Saturday, June 19, 2010

The Perils of Travel

With school out and summer stretching out before us in a long golden arc, I've been thinking about traveling.  We live in the Pacific Northwest, and most of our relatives are scattered around the far south, with the vast majority concentrated in Texas.  At least a couple of times each year we board a plane and make the exodus down to spend at least a week or two house-hopping so that Connor gets a chance to be equally spoiled by everyone before we make the journey back home.

Truth: it's getting harder. 

As Connor gets older, not only does he get heavier, which makes him much less portable than he was in the past, but he also develops more opinions of his own, and he isn't afraid to express those opinions through a combination of signs and top-volume shrieking.  He also continues to add more equipment and medication, all of which needs to be carried with us rather than checked.  And then there's the added excitement that his apnoeic seizures have been wildly out of control in the past few months, and this means that if we choose to fly by plane we could potentially be performing mouth-to-mouth at 30,000 feet.  Basically we've developed into a flight attendant's worst nightmare; we're required to have a doctor's note releasing us to fly before they'll even let us on the plane.  And I won't even mention the looks we get from the poor passengers crammed in next to us. 

Driving comes with its own set of fun problems; length of time spent in the car, mapping out a route that has us spending the night only in cities with major hospitals, trying to figure out what we would do if Connor had a seizure while we were driving on the highway through, say, Buford, Wyoming (population: 2) . . . the list goes on. 

And then once we get to our destination, we have more hurdles to leap over.  Wheelchair van rental (provided we didn't drive).  Communication barriers.  Connor's severe social anxiety and reliance on routines.  Non-wheelchair accessible homes.  Certainly it would be easier for us to stay home.

But the connections we make and renew with family and friends are too important to us to not try and make it down, one way or another.  And I have an instinctive dislike of the idea that rather than face the challenge of travel head-on we turn into some sort of hermits; it wouldn't be good for Connor OR us. 

This year we may try the train; a leisurely (though extremely long) journey that might make it easier on the little guy as we could get a private car, but it would also make sure that if he had a medical issue we would be somewhere we could get immediate help.  And it might make for a refreshing change of pace; it could potentially turn the journey itself into a vacation instead of a giant hassle.

Here's to new adventures!



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  1. I am thankful to not have to deal with the medical issues, but I can definitely commiserate with the shrieking and signing on the plane. Our last flight (one hour from San Jose to LA) nearly put me over the edge. We're making people come to us for a while :)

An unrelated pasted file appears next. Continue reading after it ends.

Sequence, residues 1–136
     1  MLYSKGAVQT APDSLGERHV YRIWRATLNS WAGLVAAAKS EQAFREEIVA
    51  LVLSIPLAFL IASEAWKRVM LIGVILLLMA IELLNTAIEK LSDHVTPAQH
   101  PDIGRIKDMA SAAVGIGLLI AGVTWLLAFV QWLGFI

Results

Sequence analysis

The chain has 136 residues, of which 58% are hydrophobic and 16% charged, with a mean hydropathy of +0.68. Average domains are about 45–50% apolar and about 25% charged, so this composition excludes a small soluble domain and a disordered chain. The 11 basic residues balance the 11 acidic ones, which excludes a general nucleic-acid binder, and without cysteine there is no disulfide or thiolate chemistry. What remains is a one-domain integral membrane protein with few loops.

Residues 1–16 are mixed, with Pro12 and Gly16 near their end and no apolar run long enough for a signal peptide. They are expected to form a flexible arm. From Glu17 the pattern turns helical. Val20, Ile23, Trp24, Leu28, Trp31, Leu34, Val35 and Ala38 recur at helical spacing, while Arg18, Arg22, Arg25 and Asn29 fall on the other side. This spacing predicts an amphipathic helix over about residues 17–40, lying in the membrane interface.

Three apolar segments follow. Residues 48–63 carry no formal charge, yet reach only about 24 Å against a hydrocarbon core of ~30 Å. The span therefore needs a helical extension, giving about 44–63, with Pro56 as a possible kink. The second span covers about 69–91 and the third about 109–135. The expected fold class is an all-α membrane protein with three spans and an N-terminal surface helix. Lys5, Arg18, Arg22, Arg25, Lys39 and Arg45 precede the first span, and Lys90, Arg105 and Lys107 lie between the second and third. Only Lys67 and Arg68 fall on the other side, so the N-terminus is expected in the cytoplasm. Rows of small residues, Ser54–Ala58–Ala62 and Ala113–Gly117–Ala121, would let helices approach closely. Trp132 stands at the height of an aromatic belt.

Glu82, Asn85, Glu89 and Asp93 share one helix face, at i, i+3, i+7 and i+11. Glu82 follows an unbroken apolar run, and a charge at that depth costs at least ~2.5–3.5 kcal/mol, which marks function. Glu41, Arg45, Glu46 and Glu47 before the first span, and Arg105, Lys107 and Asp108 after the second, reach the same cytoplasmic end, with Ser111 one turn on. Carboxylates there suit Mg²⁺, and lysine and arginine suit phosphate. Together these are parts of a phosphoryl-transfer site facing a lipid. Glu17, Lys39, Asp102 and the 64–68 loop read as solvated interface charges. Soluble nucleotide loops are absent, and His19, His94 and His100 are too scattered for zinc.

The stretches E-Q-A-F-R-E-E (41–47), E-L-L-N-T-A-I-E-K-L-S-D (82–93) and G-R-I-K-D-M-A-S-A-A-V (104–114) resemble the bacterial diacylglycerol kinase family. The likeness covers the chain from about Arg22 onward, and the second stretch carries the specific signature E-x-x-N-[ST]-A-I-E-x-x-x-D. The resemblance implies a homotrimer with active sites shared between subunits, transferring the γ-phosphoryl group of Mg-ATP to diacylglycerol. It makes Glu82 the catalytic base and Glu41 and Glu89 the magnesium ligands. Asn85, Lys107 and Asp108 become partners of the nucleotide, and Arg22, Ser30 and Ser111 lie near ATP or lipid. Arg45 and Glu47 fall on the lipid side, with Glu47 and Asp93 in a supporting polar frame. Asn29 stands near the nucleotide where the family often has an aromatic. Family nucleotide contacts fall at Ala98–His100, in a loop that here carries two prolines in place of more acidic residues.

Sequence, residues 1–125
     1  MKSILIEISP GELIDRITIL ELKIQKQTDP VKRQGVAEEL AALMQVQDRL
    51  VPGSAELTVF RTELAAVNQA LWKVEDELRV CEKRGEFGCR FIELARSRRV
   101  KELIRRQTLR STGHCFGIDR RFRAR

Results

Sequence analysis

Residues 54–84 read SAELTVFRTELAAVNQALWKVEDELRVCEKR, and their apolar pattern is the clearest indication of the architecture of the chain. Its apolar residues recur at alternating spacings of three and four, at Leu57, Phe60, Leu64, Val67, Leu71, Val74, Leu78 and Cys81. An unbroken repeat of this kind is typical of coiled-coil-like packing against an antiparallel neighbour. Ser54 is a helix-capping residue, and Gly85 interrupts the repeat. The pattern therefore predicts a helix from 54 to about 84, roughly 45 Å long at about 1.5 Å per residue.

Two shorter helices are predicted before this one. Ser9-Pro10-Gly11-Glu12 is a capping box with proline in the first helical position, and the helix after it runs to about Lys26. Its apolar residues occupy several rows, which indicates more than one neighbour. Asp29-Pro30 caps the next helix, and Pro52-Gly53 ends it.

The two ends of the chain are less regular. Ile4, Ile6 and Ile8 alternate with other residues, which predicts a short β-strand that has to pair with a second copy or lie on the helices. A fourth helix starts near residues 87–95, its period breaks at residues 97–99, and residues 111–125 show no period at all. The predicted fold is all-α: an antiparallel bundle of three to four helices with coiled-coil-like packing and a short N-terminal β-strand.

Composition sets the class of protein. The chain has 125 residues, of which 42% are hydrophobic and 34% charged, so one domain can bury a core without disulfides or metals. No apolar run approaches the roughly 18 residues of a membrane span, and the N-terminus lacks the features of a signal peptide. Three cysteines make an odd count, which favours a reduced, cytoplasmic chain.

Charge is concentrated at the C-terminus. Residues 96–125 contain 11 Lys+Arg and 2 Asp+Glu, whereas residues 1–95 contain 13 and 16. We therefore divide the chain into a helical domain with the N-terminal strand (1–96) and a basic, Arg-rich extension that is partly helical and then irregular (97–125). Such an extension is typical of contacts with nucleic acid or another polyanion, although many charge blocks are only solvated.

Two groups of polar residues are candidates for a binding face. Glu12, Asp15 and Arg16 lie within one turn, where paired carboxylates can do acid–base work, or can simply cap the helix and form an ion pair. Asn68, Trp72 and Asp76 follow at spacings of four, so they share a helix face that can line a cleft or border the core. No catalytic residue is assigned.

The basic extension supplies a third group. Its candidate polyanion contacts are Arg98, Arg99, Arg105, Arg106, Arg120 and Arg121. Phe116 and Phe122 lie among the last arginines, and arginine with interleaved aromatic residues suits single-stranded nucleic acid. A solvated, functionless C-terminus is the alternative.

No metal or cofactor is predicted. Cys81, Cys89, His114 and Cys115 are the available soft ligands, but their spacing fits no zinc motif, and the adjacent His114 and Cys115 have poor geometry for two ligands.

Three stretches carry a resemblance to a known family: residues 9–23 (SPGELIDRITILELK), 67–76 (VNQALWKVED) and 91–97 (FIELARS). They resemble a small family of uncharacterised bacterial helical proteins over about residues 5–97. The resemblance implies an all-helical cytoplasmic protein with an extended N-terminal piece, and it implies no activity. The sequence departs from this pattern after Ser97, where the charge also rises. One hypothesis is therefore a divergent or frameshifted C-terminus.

2. We love all of you so much, and selfishly covet the times when you do make it down here to the surface of the sun. We can't wait until both you and Connor can meet Baby Will (to be honest I am very curious what Connor will think of the baby, though like many new things I kind of expect a "don't like, goodbye")
    All my love,

  3. We're always happy to come see you ... you all live in such a beautiful location.
    I've always thought a train vacation would be fun and relaxing. Hope there is a relatively easy route between Seattle and Dallas. Uncle Doug and his family often take the train from DC to Florida to visit family.
    Looking forward to practicing my communication skills with you all next time we are together!

  4. I completely understand this, though circumstances are different. It sounds like from the comments, though, that your family is pretty supportive and aware. Some extended "unvisited" family members can be kind of bitter about the inability to just pick a date and go. Honestly, it stops me from even trying because if we experiment with one visit, then we have the rest of them lining up their expectations regardless of how the experiment works out. A funny thing that when we did go for a visit once a few years ago, everyone was welcoming and encouraging beforehand, but when we arrived I was left to figure out how to help my daughter navigate through a house that was set up for her. Nobody moved things or had suggestions, no one tried to distract her by engaging her in something, they just watched as I rushed around in front of her, catching things she'd knocked, scooping her up as she fell, guarding stairways, carrying her all to often.... It was exhausting - no quality reconnection happening for us.
    So I feel for you. Though it sounds like your family would be right in there with you. I hope you are able to figure out the logistics and enjoy a new adventure!

  5. I can certainly appreciate the challenges of traveling with Connor. We were forced to live like hermits for a long time with X, forcing visitors to come to us until we felt relatively comfortable driving the half hour to my parents. It may sound ridiculous to those who haven't lived it, but marking the hospitals, police and fire stations along the route does not magically ward off acute life threatening spells or reduce the parents' anxiety. I'm sure that you would handle a seizure at 30,000 feet as well as you do at ground level, but if taking the train is a safer and more relaxing option, it sounds like a fantastic alternative.